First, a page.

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By David Lightman, McClatchy Washington Bureau (TNS)

DES MOINES, Iowa — Donald Trump’s going to make a difference in Thursday’s Iowa Republican debate, even though he’ll be absent.

Trump is boycotting the debate, the last before Iowa Republicans signal their choice for a presidential nominee in precinct caucuses Monday evening. He’s annoyed with debate sponsor Fox News and with one of the moderators, Megyn Kelly. In the first GOP debate last year, she pressed him about his derogatory statements about women, and Trump’s been belittling her ever since.

So without him, the two-hour main event at Des Moines’ Iowa Events Center suddenly has an air of mystery. Will Sens. Ted Cruz of Texas and Marco Rubio of Florida, Trump’s main challengers, be able to fire away at the real estate mogul without fear of retaliation? Or will the pre- and post-debate chatter be all about the candidate with the guts — or the gall — to skip a debate five days before the vote?

Trump and Cruz are dueling for the Iowa lead, with Rubio winning endorsements from mainstream Republicans and showing some potential to rise.

For others, the debate, and for that matter the caucuses, have different meanings. Chris Christie, the governor of New Jersey, and John Kasich, the governor of Ohio, are more focused on New Hampshire’s Feb. 9 primary, where the sort of center-right voters sympathetic to their views will be voting in bigger numbers.

But for those at the bottom of the polls, including Jeb Bush, the former governor of Florida, retired neurosurgeon Ben Carson and Sen. Rand Paul of Kentucky — who refused to debate earlier this month when he didn’t make the main event — the debate is the latest and perhaps most crucial chapter in the caucus campaign’s closing days.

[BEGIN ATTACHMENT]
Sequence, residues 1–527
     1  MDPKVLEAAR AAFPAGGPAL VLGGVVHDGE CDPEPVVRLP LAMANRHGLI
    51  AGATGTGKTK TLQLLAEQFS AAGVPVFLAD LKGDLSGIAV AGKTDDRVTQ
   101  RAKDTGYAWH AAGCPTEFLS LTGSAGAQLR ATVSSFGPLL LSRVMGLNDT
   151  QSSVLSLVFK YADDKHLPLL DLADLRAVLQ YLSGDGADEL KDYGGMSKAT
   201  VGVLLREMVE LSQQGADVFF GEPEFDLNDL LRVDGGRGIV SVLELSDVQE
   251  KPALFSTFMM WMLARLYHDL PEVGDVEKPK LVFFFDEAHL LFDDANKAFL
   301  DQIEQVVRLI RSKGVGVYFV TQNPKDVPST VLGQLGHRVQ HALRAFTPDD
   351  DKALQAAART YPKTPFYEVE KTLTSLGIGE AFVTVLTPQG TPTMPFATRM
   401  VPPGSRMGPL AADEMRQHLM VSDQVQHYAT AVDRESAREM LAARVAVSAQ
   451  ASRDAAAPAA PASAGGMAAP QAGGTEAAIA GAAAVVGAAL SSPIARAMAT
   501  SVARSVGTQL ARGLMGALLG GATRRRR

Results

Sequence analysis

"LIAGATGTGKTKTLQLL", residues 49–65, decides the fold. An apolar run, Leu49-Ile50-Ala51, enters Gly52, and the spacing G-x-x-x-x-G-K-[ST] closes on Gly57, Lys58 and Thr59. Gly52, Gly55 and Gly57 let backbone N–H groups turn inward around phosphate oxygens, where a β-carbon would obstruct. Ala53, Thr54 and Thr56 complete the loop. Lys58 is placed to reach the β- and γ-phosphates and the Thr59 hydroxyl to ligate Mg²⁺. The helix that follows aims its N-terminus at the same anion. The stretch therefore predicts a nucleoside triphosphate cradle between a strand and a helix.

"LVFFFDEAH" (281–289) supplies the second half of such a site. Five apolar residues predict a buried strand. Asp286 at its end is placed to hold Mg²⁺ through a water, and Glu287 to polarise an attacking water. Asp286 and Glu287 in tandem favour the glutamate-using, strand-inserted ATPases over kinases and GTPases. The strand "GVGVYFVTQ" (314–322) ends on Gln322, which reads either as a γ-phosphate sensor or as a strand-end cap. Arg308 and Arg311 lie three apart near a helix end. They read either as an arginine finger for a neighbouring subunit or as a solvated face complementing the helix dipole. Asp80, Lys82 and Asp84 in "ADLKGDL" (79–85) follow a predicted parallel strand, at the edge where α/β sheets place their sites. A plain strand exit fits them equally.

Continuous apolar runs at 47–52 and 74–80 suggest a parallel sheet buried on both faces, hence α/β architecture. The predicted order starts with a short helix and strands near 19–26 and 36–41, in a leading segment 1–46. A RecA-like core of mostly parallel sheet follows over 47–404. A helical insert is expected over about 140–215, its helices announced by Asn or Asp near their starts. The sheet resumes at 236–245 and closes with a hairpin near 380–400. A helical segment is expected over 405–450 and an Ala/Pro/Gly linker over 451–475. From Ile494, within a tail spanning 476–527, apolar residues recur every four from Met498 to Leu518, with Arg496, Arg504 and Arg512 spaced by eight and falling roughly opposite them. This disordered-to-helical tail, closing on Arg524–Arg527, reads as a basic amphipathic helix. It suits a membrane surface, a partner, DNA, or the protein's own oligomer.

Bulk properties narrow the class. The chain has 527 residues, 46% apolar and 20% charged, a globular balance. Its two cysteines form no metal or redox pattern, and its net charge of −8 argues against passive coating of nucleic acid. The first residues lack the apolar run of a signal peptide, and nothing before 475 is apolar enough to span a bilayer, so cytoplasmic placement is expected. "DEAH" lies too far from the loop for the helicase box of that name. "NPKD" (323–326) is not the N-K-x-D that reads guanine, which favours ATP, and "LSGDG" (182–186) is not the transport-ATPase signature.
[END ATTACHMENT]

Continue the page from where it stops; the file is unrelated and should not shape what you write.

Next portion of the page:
The debate on the main stage will start at 9 p.m. EST. Four other candidates, including for the first time former Virginia Gov. Jim Gilmore, will vie in a one-hour debate starting at 7 p.m. EST.

The buzz, though, will involve the Big Three. The outlook:

Donald Trump

He’s risen in polls as he raised doubts about Cruz. The debate could have helped him maintain that momentum and boosted the throngs of voters who enthusiastically pack his rallies to show up Monday. His pique at Kelly changed the dynamic.

Political wisdom says that in the days before the Iowa caucuses, a candidate needs to energetically barnstorm the state to show no voter is unimportant. Trump, though, has broken all the rules thus far this year, and he hasn’t been much for person-to-person campaigning.

He’s remained typically Trump. “Let’s see how much money Fox is going to make on the debate without me,” he said Tuesday.

Ted Cruz

He wants to stress policy differences with Trump and will maintain how Trump cared little about conservative principles until he started thinking about a White House run.

Cruz is likely to remind voters how in 2012 Trump was not as tough on undocumented immigrants as he is now, criticizing GOP nominee Mitt Romney’s views. “He had a crazy policy of self-deportation which was maniacal,” Trump said at the time.

Cruz could also go after Trump, who has close ties to Wall Street interests, for supporting the financial bailout of 2008. Trump did have reservations, saying “maybe it works and maybe it doesn’t.” Cruz is vulnerable, though, to reminders that he borrowed a half-million dollars from Goldman Sachs.

Marco Rubio

He’s trying to solidify his position as the darling of the Republican mainstream. The Des Moines Register and the Sioux City Journal, two of Iowa’s most influential newspapers, endorsed him in recent days. Monday, he appeared with “good friend” Sen. Joni Ernst, R-Iowa.

Rubio, though, has had trouble getting noticed in debates. Trump and Cruz have waged lively fights, while Rubio tends to be lost in the Kasich-Christie-Carson-Bush crowd. He’s also endured a series of ads from a super PAC backing Bush suggesting Rubio is a serial flip-flopper.

©2016 McClatchy Washington Bureau. Distributed by Tribune Content Agency, LLC.

Photo: U.S. Republican presidential candidate Donald Trump speaks at a campaign rally at the University of Iowa in Iowa City, Iowa, January 26, 2016. REUTERS/Scott Morgan

 

Mural of Ruth Bader Ginsburg near the White House in Washington, D.C.

Photo by Elvert Barnes / CC BY-SA 2.0

Reprinted with permission from DailyKos

It feels like public mourning flooded the nation when we learned that Supreme Court Justice Ruth Bader Ginsburg died on Friday. People flocked to social media to share their thanks for her decades of relentless work; though she's undoubtedly a feminist icon and pioneer for women's rights and equality, Ginsburg's work did not only benefit women, but everyone. And of course, people were eager to make sure her "fervent" wish was communicated to the masses: That she "not be replaced until a new president is installed."

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